Illustration by Jim Cooke

I can’t.

It flummoxes me why this flummoxes a lot of people. I guess you could call it a double flummox, like some sort of gymnastics move. If I were to imagine such a move it would involve me, my paws taped to a swinging trapeze bar, cutting myself loose at the highest point of its swinging arc and flipping once, twice, end over end, before splashing down safely in a landing pool full of butterscotch pudding. As I lick myself clean, the sports announcers wait patiently to interview me about my successful gym-mazement. Even if it takes a while, they’ll wait. That’s part of the job.

I never did learn the alphabet. Now that I think about it I never learned the alphabet, the coloring books, the regular books, the pages of books, the numbers, the math, the calculators, the computers, the wall posters, the yard signs, the billboards, the graffiti writing, or the cursive. I never learned to type. My one attempt ended ignominiously when it became clear that my unwieldy paws were ill-equipped for the precision needed to accurately strike the desired letters in the proper sequence. The letters themselves were Greek to me, too. So even if I had the dexterity for typing I still wouldn’t have been able to produce a sentence. Needless to say my challenges were myriad!

None of this means that I want your pity. “Here, take the pity,” people are always saying. “Did you say patty, as in hamburger patty, or Jamaican beef patty?” I’ll ask, just to clarify. They always say no. But I’d hate to miss the day when someone was actually offering me a patty and I mistook it for an offer of pity. Up until now, though, everyone has in fact been offering pity.

Keep it! Put it right back in your pocket and amble on to your work job. I’ll stay here, in the grass. My life is beautiful. Illiteracy has never held me back from my goals. My goal is to eat all of the food in my bowl, down to the last kibble, and when that one last kibble is left, to lap it up with my tongue, flip it up into the air, and let it bonk me on the head. Then it falls to the ground and I eat it. It’s a gorgeous kind of acrobatic performance, I promise you. A work in progress—but one I believe I can achieve. Words play no part. What does play a part? Kibble, tongue. And soul.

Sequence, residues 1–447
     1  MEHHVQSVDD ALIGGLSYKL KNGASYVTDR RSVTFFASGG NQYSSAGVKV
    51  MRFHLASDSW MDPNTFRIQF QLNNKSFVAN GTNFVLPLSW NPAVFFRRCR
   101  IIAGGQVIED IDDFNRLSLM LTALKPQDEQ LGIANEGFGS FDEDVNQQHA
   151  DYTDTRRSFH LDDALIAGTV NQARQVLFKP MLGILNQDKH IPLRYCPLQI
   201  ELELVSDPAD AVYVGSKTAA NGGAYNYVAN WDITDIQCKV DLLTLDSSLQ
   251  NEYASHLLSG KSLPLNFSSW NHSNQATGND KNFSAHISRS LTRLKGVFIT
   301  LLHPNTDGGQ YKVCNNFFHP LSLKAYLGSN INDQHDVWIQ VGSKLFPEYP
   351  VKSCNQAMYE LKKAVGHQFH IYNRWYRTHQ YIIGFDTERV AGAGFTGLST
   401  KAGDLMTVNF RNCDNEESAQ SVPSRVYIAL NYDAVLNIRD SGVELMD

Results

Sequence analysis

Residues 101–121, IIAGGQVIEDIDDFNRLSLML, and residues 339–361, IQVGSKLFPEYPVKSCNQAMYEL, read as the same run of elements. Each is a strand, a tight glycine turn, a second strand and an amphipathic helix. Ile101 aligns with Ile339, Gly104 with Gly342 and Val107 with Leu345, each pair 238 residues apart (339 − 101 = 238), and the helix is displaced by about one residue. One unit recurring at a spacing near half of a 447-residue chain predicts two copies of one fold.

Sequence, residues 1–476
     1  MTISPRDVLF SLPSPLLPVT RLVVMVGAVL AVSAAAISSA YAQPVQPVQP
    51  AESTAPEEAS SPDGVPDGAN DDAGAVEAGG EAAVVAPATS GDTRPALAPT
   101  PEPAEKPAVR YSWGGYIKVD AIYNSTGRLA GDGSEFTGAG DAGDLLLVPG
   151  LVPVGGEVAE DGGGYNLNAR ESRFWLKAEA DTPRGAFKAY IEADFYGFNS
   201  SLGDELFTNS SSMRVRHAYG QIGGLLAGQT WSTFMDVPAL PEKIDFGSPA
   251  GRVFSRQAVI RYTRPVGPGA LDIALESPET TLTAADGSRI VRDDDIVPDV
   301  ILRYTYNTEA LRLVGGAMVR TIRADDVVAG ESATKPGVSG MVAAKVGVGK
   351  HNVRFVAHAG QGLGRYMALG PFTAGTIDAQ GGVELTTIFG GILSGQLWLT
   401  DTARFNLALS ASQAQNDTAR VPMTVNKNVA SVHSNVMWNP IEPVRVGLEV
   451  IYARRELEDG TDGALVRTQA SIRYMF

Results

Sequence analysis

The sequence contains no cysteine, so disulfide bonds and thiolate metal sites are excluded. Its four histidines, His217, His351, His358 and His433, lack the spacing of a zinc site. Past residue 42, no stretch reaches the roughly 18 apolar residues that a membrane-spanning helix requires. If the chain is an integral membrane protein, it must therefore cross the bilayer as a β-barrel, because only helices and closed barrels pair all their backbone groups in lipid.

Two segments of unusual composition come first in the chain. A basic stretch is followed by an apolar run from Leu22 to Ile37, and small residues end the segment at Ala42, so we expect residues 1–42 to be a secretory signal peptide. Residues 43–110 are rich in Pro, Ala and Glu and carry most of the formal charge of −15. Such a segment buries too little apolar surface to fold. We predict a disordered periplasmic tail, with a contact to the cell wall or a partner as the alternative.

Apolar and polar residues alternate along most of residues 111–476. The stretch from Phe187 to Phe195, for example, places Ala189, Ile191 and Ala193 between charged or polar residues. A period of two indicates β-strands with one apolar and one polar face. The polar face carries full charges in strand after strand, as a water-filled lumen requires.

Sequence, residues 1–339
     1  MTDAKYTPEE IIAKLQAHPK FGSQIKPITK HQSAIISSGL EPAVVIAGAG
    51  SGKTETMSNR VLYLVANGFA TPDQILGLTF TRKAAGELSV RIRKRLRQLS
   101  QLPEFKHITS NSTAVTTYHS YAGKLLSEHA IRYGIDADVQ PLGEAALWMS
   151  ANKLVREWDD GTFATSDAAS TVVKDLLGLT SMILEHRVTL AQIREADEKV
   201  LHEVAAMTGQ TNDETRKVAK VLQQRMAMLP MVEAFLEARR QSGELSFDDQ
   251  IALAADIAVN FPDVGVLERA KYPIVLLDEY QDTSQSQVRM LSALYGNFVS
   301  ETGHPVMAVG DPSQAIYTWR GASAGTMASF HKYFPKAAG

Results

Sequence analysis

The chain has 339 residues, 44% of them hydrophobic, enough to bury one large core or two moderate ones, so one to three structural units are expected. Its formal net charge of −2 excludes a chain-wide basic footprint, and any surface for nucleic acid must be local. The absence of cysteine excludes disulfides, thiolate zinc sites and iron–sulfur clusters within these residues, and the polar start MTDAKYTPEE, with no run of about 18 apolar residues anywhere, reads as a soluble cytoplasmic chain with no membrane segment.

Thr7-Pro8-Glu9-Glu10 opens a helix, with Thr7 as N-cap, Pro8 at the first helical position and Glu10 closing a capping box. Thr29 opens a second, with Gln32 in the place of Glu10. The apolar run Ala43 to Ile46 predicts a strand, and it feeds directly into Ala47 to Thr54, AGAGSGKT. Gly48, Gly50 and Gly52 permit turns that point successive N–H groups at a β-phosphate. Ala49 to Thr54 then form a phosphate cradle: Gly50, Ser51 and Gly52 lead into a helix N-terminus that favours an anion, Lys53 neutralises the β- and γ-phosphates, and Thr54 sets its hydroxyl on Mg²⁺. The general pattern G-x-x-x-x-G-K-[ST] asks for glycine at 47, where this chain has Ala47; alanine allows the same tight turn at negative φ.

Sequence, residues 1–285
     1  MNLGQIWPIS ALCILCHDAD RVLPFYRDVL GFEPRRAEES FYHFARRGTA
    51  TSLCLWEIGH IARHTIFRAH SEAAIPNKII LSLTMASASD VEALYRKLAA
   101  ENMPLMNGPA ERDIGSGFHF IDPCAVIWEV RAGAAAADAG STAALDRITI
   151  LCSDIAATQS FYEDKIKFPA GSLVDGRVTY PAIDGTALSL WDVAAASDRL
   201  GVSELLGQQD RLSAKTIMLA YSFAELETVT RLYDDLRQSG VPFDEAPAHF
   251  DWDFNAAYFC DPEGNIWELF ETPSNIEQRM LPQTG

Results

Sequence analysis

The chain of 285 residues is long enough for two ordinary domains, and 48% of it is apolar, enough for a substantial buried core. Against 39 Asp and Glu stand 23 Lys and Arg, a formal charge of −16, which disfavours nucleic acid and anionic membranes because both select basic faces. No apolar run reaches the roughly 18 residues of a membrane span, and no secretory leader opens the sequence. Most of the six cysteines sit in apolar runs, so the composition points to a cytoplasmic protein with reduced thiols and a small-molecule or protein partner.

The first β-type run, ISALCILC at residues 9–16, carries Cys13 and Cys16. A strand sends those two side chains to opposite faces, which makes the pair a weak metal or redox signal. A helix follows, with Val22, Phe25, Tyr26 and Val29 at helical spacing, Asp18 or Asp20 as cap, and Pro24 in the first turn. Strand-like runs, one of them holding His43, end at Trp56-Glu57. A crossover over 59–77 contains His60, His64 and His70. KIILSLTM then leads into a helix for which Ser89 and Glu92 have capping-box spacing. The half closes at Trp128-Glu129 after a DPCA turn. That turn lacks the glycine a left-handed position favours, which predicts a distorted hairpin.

Me, my soul. My rump in the grass.

Symbols—what are they good for? “Absolutely nothing!” I cry, “headbanging” to the extent possible, my ears wildly flopping like the proverbial hair rocker’s hair, sending a message. Many people are defensive on my behalf. They want to defend me from the written word. “How dare you write that about the good boy?” they cry to the newspaper man. “How dare you publish the thing about the good boy being overweight?” they cavortle to the magazine lady. “Don’t you believe what the mean man wrote about you!” they cry to me, falling on their knees before me, overcome with emotion. It’s unsportsmanlike and frankly makes them appear deranged. Do I give a flying hey about a string of inscrutable symbols? I don’t care a whit! Meanwhile I sit in the grass. Rumpus planted. Kibble flipping. Flying on airways, mentally barking.

Don’t feel bad for me, baby. I’m happening right here on solid land.